Does My Child Need a Pediatric Dentist?

Child, Pediatric Dentist, Dentistry, Tooth

When I first started taking my children to the dentist, I chose a pediatric practice.  I read that pediatric dentists actually have to complete an additional two years of schooling to learn how to treat children, handle their various behaviors, and even treat children who may have sensory issues or anxiety about having a dentist work on their teeth. I found a wonderful practice in my neighborhood that had video games in the waiting room, flavored toothpastes for the cleaning, and even prizes they could choose after the visit. Because this practice was so kid-friendly, my children actually looked forward to their dental visits.

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When my son was about 11, he started to develop cavities. Not just one or two, but more like six cavities in just one visit. By the time he was 16, the problem had grown much worse. He had twelve cavities within a six-month period.  Right before we were going to go in for the fillings, he chipped his front tooth playing basketball. I knew my adult dentist specialized in bonding (because he had done a great job for me when I had a chipped tooth) and I decided to take my son to see him for both the bonding and the fillings. At this point, my son no longer needed the SpongeBob videos in the dentist’s chair to distract him or the prize house filled with stickers, so I felt it was time to for him to develop a relationship with a dentist who he could continue to see into adulthood.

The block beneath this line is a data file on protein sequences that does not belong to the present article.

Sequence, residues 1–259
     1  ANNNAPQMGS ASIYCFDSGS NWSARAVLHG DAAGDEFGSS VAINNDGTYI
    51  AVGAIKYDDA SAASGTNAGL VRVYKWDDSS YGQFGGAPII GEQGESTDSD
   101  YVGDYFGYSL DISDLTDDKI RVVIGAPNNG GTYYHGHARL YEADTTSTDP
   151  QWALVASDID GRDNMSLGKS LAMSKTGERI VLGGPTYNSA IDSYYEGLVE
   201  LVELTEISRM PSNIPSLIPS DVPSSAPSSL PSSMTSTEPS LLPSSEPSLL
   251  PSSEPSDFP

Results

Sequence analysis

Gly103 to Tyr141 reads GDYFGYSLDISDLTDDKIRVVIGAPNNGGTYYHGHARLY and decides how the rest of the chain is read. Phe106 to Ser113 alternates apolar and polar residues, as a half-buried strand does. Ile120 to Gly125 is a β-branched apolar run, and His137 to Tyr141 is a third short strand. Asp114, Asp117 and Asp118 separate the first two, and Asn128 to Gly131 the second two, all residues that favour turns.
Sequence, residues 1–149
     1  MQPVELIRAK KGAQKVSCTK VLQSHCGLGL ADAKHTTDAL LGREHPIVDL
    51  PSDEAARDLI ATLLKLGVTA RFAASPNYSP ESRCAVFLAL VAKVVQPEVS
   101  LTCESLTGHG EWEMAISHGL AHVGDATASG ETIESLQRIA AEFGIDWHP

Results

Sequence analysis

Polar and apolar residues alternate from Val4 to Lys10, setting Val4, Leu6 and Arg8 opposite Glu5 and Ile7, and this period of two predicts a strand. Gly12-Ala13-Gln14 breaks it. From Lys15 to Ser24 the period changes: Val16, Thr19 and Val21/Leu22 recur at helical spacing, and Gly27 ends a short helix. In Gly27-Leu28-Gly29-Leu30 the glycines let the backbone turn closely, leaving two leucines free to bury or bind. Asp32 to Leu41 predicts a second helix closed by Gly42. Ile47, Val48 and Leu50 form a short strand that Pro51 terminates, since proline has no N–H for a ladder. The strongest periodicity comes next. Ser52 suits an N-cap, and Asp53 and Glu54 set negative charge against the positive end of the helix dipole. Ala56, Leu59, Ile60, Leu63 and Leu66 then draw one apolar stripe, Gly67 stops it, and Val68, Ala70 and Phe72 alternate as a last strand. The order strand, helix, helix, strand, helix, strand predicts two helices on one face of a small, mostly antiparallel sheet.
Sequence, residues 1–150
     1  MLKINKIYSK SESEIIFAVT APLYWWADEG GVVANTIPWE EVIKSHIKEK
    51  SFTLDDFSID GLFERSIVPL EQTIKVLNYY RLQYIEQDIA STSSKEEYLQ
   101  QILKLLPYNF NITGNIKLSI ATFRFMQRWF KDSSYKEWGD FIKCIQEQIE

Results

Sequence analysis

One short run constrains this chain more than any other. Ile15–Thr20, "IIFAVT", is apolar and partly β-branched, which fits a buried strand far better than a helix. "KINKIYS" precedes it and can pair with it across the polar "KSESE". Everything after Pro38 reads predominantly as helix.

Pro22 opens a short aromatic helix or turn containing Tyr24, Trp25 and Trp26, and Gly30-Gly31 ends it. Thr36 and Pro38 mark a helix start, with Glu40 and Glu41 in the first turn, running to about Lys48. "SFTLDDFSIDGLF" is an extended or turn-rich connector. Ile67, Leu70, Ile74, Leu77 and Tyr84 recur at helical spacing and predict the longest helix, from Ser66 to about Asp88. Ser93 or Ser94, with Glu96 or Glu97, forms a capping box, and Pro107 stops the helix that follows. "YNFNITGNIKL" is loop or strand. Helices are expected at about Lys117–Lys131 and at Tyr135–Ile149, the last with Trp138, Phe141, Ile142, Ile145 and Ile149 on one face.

For my son, switching to an adult practice was a good decision. The dentist spoke to him as an adult putting the responsibility for the health of his teeth on him. My son began to take his brushing and flossing more seriously and more importantly, he developed a trusting relationship with the dentist. He has not had a cavity since, and I attribute that to feeling more grown up by being in a practice for adults.

For my daughter who just turned 16, it takes her awhile to warm up to people. She still enjoys the fun of the pediatric dentist’s office -- choosing her flavored toothpaste and even playing Pac-Man in the waiting room. On top of that, she has a great rapport with her dentist and really trusts him. So, while she is still in high school, there is no need to move her to an adult practice. Additionally, her practice just added an orthodontist, which makes it easy to get everything done in one appointment.

It is always a big decision to make a change when it comes to oral care for your family. For me, I made my decision based on the individual needs of my children, and I have been very happy with the results. Both my kids trust their dentists and I feel confident in the care they provide.

Medically reviewed by Dr. Natalie Pennington, DDS, April 2019

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